Yes, Maynooth College has got the new grant; nevertheless, to the astonishment of the Duke of Newcastle and company, the sun rises every morning as if nothing had happened; and, so hard does the love of shillings make men's hearts, London tradesmen still smile behind their counters, never thinking that their tills are threatened with an earthquake. Newcastle and other peers--just out of consolation to their shades-have written what's called a "Protest" against the grant; and a hundred years hence, when England is blown to atoms by the measure, very comfortable it will be to their ghosts, as they walk among the ruins, to see men

reading the aforesaid "Protest," and hear them crying, "A prophet!" "a prophet!"

And now, grandmother, comes the Roman Catholic Bishops. They won't have Peel's plan of education unless all the masters are to be of their own faith. For they say "the Roman Catholic. pupils could not attend the lectures on history, logic, metaphysics, moral philosophy, geology, or anatomy, without exposing their faith or morals to imminent danger—unless a Roman Catholic professor shall be appointed for each of those chairs." You see, the lecturer on history, if a Protestant, might be making Queen Mary-Bloody Mary, as I was taught to call her at day-school-a very cruel wretch, indeed; whereas the Queen Mary of the Catholic might be a very nice woman, who never could abide fagots, and never knew where Smithfield was. And then for logic (you must, as I've said before, look dictionary for hard words); logic, it seems, is a matter of religion. What's logic to a Protestant isn't to a Catholic, or a Mahometan, or a Chinese! In the same way, I suppose, that a straight line in London would be what they call a curve in Dublin, and perhaps a whole circle at Canton. And then for "geology" and " anatomy," why, we all know that there's nothing certain in anatomy; that it's all a matter of faith. Thus, if a Catholic anatomist lectured, we'll say, upon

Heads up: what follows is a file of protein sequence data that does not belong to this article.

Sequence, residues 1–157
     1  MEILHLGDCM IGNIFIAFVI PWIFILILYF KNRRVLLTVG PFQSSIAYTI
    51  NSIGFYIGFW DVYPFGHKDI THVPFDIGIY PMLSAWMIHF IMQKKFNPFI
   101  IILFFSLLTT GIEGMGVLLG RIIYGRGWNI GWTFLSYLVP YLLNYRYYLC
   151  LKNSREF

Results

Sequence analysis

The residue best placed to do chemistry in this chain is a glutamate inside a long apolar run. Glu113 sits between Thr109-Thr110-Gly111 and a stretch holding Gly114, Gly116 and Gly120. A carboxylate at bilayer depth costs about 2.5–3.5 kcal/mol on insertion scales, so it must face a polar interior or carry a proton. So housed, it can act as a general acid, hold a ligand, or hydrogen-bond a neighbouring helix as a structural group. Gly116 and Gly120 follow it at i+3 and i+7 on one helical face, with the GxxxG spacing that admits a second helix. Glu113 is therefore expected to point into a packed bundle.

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the body of a Protestant pluralist, he might, out of blindness, declare that the said body never had a single atom of heart; that such pluralists always lived without the article. While on the other side, the real Protestant lecturer, discussing on the selfsame corcup, might declare that it was all heart, like a summer cabbage! "Professors' chairs!" when I read these things, I somehow do think of the baby-chair that I used to be set up in to take my meals, with a stick run through the arms to keep me from tumbling out, the talk is so childish!

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You ask me about your pet, the Bishop of Exeter. Well, the clergy of his diocese have just suffered what's called his "charge; a charge, grandmother, in which the Bishop generally contrives to put in a lot of small-shot to pepper about him right and left. As usual, he talked a good deal about himself; making Exeter out such a soft gentle person-such a lump of Christian butterthat in this hot weather it's wonderful he hasn't

melted long ago. Ha, grandmother! what a lawyer was spoiled in that bishop! what a brain. he has for cobwebs! How he drags you along through sentence after sentence-every one a dark passage-until your head swims, and you can't see your finger close to your nose! He talked about this Puseyite stuff-this play-acting of the Church -for I don't know how long; but whether he very